Page:Southern Historical Society Papers volume 38.djvu/44
32 Southern Historical Society Papers.
with the Sumter to Cadiz, but being harrassed by the commander, who had, in the meantime, hi en influenced by the Federal Con- sul, Semmes, in disgust, sailed for Gibraltar — capturing a vessel within sight of the harbor. Being unable to obtain coal at Gi- braltar, through the machinations of the ever-vigilant Federal Consul, and being without funds, as soon as they could be pro- cured from our Commissioner in England, which took about a month, the paymaster of the Sumter — Henry Myers — was dis- patched to Tangiers, Africa, to purchase and forward a cargo of coal. Upon his arrival in Tangiers, Myers was arrested, through the agency of the Federal Consul, handcuffed, thrown in jail, where he was robbed of his personal effects, maltreated and -finally transported to the United States. The Sumter being thus prevented from coaling, and being watched on the outside by Federal cruisers, she was abandoned by her commander and finally sold, again being converted into a merchantman, and singular to relate, sank a few years afterwards, almost in the same spot where reposed the remains of her successor — the Alabama — and the sword of her former gallant commander.
In no ways daunted, Semmes, now a captain in the Confeder- ate States Navy, proceeded to England, where he found that the Lairds had nearly completed a vessel for the Confederate Gov- ernment, numbered the "290," and he was assigned to I*<r com- mand when ready for service.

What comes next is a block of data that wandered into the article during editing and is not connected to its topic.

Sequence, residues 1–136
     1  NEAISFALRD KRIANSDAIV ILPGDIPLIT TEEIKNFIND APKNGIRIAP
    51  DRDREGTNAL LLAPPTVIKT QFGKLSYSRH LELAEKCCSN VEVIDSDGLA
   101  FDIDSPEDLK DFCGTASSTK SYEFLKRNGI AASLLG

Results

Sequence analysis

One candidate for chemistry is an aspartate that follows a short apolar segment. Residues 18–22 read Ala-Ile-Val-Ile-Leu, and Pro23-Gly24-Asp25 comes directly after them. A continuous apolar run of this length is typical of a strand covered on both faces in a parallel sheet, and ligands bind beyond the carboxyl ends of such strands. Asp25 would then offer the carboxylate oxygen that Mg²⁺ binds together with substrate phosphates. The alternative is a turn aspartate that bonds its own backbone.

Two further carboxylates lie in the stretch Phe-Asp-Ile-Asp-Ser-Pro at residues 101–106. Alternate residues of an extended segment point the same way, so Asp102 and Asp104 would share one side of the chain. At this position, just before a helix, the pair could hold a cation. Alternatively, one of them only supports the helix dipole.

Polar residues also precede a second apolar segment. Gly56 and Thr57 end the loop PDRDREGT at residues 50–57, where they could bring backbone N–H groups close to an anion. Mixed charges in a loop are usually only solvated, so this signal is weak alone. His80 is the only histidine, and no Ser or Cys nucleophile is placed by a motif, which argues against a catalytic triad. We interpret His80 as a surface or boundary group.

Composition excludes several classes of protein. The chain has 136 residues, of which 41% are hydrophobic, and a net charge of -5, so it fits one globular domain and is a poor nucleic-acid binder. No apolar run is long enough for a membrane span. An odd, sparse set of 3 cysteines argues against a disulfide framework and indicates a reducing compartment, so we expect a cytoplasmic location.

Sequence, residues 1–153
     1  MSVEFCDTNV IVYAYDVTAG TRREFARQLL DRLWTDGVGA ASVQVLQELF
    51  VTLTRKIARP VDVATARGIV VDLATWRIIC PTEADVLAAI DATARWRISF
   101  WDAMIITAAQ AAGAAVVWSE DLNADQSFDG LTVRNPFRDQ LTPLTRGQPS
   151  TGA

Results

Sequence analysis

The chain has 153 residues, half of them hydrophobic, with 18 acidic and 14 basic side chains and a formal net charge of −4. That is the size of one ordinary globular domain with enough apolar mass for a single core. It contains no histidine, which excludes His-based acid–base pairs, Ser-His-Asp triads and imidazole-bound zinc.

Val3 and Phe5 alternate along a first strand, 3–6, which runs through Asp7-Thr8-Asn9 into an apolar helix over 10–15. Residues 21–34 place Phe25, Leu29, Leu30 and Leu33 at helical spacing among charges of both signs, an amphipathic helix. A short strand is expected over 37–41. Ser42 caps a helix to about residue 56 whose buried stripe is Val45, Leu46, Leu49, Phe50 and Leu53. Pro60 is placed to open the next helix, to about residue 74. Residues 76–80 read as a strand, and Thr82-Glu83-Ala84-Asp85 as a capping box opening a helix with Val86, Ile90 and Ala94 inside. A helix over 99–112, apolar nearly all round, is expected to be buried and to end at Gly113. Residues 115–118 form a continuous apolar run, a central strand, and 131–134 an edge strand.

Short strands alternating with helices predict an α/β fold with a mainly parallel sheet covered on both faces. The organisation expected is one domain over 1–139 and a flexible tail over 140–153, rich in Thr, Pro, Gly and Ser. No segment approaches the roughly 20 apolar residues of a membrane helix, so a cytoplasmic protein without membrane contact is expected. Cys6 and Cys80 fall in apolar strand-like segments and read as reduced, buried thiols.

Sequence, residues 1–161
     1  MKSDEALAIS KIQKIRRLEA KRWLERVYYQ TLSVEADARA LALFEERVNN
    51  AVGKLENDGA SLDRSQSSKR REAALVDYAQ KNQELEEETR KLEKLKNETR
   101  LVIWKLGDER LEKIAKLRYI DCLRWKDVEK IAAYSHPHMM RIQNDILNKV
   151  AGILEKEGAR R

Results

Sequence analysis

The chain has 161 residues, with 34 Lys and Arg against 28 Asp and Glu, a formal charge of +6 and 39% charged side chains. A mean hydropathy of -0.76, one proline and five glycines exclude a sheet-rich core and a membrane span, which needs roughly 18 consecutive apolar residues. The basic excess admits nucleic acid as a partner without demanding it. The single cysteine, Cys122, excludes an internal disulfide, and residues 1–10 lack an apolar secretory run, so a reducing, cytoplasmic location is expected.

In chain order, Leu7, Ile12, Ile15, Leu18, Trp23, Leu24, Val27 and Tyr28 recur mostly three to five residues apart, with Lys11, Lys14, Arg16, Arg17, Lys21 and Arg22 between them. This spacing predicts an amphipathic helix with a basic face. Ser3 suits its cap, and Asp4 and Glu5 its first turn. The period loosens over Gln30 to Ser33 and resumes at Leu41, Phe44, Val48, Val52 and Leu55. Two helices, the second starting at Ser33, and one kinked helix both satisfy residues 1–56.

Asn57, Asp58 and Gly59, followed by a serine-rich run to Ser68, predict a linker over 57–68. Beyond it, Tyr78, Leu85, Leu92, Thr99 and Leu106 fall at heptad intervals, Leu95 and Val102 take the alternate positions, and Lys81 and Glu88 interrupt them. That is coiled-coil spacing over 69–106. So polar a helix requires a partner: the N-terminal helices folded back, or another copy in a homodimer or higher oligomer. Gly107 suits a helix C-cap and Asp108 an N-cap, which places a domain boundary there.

To avoid a violation of the neutrality laws, the "-90" left Eng- land without armament, and ostensibly as a merchantman, but, in fact, she proceeded to Terceira, one of the group of the Azores Islands, where she was joined by her commander and his offi- cers — the crew taking her out volunteering to remain — and her armament and supplies were placed on board from the trans- ports which had previously arrived. As soon as ready for sea. her commander had the Confederate flag run up, read his com- mission from the Confederate Government, announced the object of his mission, called for volunteers from among the crew — nearly all of whom enlisted — and named the new Confederate cruiser the Alabama. Thus was the Alabama, destined to become famous the world over, launched upon her career of destruction to American commerce and to teach Xew England shipbuilders and shipowners some of the costs of war.